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SPAULDING v. PARRY NAVIGATION CO.

April 3, 1950

SPAULDING
v.
PARRY NAVIGATION CO., Inc. (TODD SHIPYARDS CORPORATION, Third-Party Defendant)



The opinion of the court was delivered by: KAUFMAN

Parry Navigation Company, Inc., seeks indemnity from the Todd Shipyards Corporation for the damages awarded to the plaintiff, Robert Spaulding, against Perry.

The law of the state where the injury occurred is determinative of the right to contribution or indemnity. Bohn v. American Export Lines, D.C.S.D. N.Y. 1941, 42 F.Supp. 228; Kravas v. Great Atlantic & Pacific Tea Co., D.C.W.D. Pa. 1939, 28 F.Supp. 66; Brown v. Cranston, 2d Cir. 1942, 132 F.2d 631, 148 A.L.R. 1178; Friend v. Middle Atlantic Transp. Co., 2 Cir., 1946, 153 F.2d 778. In this case the law of New Jersey is applicable and that law seems to be in accord with the prevailing view.

 The general rule is that there is no contribution or indemnity between joint tort-feasors. However, there is an exception to this rule where one tort-feasor does the negligent act and the other does not join therein but is thereby exposed to liability for injuries sustained by a third party. Popkin Bros. v. Volk's Tire Co., Sup. Ct. 1941, 23 A.2d 162, 20 N.J.Misc. 1. For example, the party seeking indemnity may have been only technically or constructively at fault, as from a failure to perform some legal duty, and the negligent or wrongful act of the party from whom indemnity is sought was the primary or proximate cause of the injury. See 31 Corpus Juris at page 455, Sec. 55, 42 C.J.S.Indemnity, § 27; Popkin Bros. v. Volk's Tire Co., supra, 23 A.2d at page 164.

 As is stated in the Restatement of the Law of Restitution, Section 95: 'Where a person has become liable with another for harm caused to a third person because of his negligent failure to make safe a dangerous condition of land or chattels which was created by misconduct of the other or which, as between the two, it was the other's duty to make safe, he is entitled to restitution from the other for expenditure properly made in the discharge of such liability, unless after discovery of the danger, he acquiesced in the continuation of the condition.' (Emphasis is added.)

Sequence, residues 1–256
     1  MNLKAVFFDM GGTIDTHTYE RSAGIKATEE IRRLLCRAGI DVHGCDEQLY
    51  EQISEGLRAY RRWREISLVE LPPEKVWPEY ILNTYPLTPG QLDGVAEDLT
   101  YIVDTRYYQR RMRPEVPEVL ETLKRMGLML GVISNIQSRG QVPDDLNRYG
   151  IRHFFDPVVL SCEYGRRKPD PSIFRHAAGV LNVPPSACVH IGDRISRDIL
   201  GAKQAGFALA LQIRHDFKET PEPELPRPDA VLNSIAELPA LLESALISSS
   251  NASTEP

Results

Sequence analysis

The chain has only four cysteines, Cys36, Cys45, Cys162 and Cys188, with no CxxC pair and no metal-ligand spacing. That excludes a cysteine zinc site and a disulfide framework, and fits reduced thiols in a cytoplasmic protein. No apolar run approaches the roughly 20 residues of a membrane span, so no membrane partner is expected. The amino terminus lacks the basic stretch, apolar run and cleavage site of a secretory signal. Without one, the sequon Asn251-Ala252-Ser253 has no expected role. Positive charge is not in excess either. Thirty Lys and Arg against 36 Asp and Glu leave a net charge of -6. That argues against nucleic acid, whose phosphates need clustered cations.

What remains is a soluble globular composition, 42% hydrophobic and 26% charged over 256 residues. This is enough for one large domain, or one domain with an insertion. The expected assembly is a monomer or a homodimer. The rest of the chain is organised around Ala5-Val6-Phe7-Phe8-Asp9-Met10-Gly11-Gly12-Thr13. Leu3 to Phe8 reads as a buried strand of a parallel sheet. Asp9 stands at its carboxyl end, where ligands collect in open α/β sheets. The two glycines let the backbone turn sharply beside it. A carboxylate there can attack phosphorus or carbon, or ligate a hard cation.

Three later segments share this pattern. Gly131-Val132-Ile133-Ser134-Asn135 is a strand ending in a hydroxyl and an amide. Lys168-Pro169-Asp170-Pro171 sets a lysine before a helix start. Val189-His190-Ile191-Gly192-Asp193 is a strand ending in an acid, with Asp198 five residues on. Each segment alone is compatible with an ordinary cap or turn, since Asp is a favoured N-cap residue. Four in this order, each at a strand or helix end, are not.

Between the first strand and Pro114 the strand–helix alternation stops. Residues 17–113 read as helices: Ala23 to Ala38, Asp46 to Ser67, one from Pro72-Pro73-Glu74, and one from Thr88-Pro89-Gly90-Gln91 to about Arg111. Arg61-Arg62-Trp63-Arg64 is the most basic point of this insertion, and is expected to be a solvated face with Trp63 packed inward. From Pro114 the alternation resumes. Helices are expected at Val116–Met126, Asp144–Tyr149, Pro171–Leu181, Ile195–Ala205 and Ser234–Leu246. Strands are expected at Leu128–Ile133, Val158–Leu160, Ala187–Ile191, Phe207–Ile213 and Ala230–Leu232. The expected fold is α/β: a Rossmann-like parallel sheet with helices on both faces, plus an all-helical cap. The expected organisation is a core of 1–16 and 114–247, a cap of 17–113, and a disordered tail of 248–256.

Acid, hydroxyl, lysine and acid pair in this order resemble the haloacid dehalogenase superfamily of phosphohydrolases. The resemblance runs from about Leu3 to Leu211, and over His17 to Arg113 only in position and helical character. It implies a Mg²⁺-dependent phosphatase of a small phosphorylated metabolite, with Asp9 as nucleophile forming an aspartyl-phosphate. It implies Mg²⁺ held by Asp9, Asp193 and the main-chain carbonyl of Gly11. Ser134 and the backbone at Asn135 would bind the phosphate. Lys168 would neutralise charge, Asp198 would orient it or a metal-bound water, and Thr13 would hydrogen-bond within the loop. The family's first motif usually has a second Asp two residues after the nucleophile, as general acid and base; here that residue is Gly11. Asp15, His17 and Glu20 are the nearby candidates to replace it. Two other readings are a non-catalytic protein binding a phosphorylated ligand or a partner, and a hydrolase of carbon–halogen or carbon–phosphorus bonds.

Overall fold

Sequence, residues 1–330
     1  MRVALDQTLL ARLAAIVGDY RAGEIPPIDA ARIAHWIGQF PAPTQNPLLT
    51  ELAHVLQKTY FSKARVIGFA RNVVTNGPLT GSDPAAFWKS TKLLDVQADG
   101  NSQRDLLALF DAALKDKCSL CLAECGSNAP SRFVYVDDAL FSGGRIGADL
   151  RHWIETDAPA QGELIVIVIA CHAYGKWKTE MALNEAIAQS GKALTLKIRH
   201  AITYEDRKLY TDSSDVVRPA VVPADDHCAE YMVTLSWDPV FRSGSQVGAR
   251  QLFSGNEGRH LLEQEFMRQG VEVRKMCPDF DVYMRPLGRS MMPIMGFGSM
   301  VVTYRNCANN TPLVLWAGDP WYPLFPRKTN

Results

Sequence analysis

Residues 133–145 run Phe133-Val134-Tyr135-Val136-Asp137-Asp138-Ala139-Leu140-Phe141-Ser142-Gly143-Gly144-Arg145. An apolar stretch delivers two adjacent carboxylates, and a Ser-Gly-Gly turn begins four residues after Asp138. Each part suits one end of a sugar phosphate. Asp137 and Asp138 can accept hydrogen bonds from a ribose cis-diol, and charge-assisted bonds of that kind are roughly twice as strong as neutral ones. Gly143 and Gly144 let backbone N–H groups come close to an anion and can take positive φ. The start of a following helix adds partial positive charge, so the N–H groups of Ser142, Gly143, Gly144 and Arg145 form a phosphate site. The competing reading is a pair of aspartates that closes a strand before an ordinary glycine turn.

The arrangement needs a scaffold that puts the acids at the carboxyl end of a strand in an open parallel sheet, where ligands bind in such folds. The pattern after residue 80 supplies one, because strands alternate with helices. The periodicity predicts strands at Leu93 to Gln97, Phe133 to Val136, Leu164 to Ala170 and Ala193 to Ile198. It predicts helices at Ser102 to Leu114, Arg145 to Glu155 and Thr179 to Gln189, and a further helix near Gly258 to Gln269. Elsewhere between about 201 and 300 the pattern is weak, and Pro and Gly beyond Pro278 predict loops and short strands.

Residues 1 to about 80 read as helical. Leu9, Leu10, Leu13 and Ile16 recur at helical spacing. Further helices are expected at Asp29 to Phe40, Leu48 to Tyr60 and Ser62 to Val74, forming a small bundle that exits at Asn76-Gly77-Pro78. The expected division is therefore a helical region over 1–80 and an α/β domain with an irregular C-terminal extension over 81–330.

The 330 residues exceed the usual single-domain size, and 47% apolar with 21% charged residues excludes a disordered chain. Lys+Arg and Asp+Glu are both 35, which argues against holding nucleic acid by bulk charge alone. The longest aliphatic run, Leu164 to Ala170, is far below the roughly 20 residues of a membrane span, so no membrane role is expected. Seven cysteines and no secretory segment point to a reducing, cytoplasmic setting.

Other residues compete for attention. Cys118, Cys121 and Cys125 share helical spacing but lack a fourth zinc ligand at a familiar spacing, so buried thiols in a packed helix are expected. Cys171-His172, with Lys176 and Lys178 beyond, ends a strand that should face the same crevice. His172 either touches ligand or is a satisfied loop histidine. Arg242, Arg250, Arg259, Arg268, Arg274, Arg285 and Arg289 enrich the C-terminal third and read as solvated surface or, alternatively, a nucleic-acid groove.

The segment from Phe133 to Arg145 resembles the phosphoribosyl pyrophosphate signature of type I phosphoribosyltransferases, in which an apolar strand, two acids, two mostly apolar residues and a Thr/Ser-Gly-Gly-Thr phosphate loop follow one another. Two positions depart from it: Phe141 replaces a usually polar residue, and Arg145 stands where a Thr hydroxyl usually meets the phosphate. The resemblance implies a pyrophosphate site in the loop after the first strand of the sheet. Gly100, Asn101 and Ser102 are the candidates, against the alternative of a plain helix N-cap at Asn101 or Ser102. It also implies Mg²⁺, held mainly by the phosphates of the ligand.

Notable instances in which the exception to the general rule operates, as stated in 1 Moore's Federal Practice at pp. 772-773, are as follows:

 (1) Where a master has been held liable for the tort of his servant or agent under the doctrine of respondeat superior. See, e.g. Frank Martz Coach Co. v. Hudson Bus Transp. Co., Sup. Ct. 1944, 44 A.2d 488, 23 N.J.Misc. 342.

 (2) Where an owner of property has been held liable for the negligence of an independent contractor. See, e.g., Washington Gas Light Co. v. Dist. of Columbia, 1896, 161 U.S. 316, 16 S. Ct. 564, 40 L. Ed. 712.

 (3) Where one tort-feasor created the risk and the other failed to discover it. See, e.g., Popkin Bros. v. Volk's Tire Co., supra; Derry Electric Co. v. New England Telephone & Telegraph Co., 1 Cir., 1929, 31 F.2d 51; Standard Oil Co. v. Robins Dry Dock & Repair Co., 2 Cir., 1929, 32 F.2d 182.

 The rationale behind these cases seems to be that where one who has a non-delegable duty does in fact delegate that duty or turn over control of property to another, the two are tort-feasors but are not in pari delicto, and the one who has the mere legal duty or whose sole fault is an act of omission, such as a failure to inspect, has a right of contribution or indemnity against his joint tort-feasor. See Geo. A. Fuller Co. v. Otis Elevator Co., 1918, 245 U.S. 489, 38 S. Ct. 180, 62 L. Ed. 442; Corrao v. Waterman S.S. Corp., D.C.E.D. N.Y. 1948, 75 F.Supp. 482; Central Surety and Insurance Corp. v. Mississippi Export R. Co., 5 Cir., 1937, 91 F.2d 125; George's Radio v. Capital Transit Co., 1942, 75 U.S.App.D.C. 187, 126 F.2d 219.

 In the instant case the plaintiff Robert Spaulding, recovered a verdict under the Jones Act, 46 U.S.C.A. § 688, against his employer, Parry Navigation Co., for injuries sustained due to the negligence of his employer or its employees. The defendant had impleaded Todd Shipyards in the action and maintained that the ladder from which the plaintiff fell was owned and controlled by Todd and that Perry was not negligent in any way but merely was held liable under its non-delegable duty to provide the plaintiff with safe means of ingress to and egress from the ship.

 The Court required a special verdict as between Parry and Todd upon the following written questions and obtained the answers indicated:

 (1) Did Todd Shipyards provide and pay for the berth at pier 16 where the s/s Lindenwood Victory was moored on August 14, 1947? Answer: Yes.

 (2) If the answer to (1) is 'yes', was it the general practice at the Port of New York in August 1947 for ship repair companies to provide a ladder or gangway for the ship's crew to board and leave their vessel at a berth provided by the ship repair company? Answer: Yes.

 (3) Did Todd or Parry control the ladder in question when the ship was berthed at pier 16 at the time of the accident? (Answer ...


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